Photo CC BY rebopper
Yesterday the Librarian of Congress announced six classes of works that would be exempted from the Digital Millennium Copyright Act’s (DMCA) prohibition on breaking digital locks (DRM). The new rules are pretty exciting for higher education folks, as they include a significant expansion of the previous exemption for DVDs and a continuation of the important exemption for visually impaired users of ebooks. ARL has participated in this round of comments for nearly 2 years through the Library Copyright Alliance, and we are very happy with the outcome.
The new rules allow users to break digital locks in six categories of works, two of which are especially important for education and libraries:
on DVDs, in order to extract short clips for new works of criticism and commentary, but only if you are:
- a college or university professor
- a college or university film or media studies student
- a documentary filmmaker
- someone making a “noncommercial video”
on ebooks, to make them accessible to print-disabled readers via read-aloud and screen-reader functions, if all existing versions have DRM that disables those functions.
The ebook exemption was put in place in a previous rulemaking and was merely renewed this time around. Interestingly, the Register of Copyrights had recommended against renewing this exception, but the Librarian disagreed.
The DVD exception is a significant expansion of the one granted in 2006. It expands the users who are covered: the previous rule allowed only film and media studies professors to circumvent DVD encryption, but the new rule allows all university faculty, as well as film and media studies students to break DVD encryption. It also expands the class of works that can be used: the previous rule only allowed users to break the encryption on DVDs held by film and media studies departments, but the new rule allows the decryption of any lawfully made and acquired DVD.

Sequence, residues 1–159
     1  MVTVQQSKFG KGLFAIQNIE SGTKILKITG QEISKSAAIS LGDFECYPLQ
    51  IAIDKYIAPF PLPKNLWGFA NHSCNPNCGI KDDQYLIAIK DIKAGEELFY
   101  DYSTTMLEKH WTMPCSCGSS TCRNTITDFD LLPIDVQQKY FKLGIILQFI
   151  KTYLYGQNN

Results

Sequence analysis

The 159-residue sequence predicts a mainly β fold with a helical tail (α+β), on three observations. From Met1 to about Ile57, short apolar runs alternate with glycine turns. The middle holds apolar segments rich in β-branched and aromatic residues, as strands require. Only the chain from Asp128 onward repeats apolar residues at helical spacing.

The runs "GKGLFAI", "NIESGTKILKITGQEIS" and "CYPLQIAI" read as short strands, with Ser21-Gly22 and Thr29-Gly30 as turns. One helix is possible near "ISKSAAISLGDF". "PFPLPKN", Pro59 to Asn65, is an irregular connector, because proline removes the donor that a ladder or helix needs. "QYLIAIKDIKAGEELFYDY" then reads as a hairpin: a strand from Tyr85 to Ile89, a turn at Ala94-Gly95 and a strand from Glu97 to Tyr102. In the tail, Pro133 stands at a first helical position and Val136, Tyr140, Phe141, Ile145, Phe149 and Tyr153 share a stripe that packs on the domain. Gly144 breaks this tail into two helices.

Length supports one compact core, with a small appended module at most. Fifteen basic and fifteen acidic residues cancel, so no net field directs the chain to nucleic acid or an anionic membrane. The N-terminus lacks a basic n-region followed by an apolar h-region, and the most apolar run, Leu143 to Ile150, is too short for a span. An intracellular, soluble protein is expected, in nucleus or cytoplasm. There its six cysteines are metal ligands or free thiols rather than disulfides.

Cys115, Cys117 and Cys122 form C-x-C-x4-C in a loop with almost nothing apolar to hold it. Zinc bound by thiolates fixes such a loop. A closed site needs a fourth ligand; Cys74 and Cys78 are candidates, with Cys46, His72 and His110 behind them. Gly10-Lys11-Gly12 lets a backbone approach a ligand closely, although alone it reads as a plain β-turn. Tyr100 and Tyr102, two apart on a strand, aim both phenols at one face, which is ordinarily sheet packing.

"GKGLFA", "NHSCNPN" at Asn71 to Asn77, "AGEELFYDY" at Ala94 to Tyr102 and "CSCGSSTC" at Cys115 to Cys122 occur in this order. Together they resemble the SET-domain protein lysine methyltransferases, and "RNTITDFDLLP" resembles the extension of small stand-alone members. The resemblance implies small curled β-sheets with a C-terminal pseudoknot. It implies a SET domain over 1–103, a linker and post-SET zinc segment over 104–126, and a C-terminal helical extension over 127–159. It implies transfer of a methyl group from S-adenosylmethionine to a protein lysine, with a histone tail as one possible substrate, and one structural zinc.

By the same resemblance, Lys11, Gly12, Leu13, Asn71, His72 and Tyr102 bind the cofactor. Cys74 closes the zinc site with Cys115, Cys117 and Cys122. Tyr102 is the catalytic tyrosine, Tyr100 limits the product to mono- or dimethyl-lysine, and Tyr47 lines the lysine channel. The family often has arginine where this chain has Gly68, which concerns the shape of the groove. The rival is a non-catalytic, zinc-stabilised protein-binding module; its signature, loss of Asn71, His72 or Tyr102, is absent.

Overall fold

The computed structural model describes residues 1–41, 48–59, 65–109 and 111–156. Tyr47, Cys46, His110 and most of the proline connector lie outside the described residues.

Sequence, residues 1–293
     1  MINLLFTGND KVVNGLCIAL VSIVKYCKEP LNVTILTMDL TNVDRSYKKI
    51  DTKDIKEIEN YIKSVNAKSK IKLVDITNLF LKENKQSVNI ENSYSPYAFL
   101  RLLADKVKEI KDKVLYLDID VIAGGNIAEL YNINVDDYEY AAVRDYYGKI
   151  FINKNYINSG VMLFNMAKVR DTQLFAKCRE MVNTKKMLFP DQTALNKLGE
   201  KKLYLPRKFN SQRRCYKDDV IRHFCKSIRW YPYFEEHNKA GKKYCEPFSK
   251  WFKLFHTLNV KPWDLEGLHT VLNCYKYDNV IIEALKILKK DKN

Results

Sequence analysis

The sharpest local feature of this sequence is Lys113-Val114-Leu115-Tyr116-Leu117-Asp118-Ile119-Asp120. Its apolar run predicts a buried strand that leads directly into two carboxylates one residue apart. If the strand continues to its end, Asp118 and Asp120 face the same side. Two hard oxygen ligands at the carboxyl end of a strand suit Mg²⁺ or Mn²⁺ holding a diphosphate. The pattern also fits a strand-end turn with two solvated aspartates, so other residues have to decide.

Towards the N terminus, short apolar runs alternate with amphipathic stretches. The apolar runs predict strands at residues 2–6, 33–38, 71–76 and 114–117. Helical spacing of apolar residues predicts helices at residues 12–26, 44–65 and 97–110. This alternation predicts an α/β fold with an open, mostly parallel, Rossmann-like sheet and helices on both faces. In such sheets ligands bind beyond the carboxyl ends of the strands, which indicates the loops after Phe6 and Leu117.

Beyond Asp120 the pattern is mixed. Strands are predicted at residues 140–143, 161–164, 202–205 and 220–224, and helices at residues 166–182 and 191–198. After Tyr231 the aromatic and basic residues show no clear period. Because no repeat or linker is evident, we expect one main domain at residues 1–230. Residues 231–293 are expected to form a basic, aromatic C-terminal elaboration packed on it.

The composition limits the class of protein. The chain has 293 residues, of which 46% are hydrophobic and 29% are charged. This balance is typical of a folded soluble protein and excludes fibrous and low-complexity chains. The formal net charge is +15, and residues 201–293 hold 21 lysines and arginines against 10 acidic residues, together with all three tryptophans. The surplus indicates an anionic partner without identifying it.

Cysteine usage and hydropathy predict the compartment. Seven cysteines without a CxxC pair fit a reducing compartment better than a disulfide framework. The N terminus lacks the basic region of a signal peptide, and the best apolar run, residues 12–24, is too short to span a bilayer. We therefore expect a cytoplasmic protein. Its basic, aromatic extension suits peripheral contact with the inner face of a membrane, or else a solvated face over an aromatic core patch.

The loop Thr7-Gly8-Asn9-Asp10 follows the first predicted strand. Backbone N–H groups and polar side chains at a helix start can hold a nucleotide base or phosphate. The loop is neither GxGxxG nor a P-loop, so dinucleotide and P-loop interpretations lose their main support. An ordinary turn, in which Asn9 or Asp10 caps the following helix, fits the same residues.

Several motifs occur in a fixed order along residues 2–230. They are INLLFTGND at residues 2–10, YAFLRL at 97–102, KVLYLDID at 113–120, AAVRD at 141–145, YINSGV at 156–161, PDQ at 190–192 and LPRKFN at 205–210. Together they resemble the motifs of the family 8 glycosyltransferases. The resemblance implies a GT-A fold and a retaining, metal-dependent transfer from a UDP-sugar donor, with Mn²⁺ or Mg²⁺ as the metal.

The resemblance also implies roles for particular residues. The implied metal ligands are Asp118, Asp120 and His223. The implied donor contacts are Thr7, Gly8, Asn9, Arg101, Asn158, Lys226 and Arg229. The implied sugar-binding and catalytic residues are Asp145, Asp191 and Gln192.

The DMCA, passed in 1998 in part to fulfill treaty obligations, created a new right for copyright-holders by making it illegal to break DRM on protected works. The Electronic Frontier Foundation has done an excellent job of documenting the less-than-stellar consequences of this new protection.
The statute includes a safety valve, however. It empowers the Librarian of Congress, after consultation with the Copyright Register and some other stakeholders, to carry out a rulemaking every 3 years to determine if there are categories of works where the protection of DRM substantially impedes non-infringing uses of the work. The most recent set of rules were expected last October, but have only just now been issued. ARL has joined with like-minded groups such as the American Library Association and the Association of College and Research Libraries to participate in every round of rulemaking since the first round in 2000.
- arlpolicynotes posted this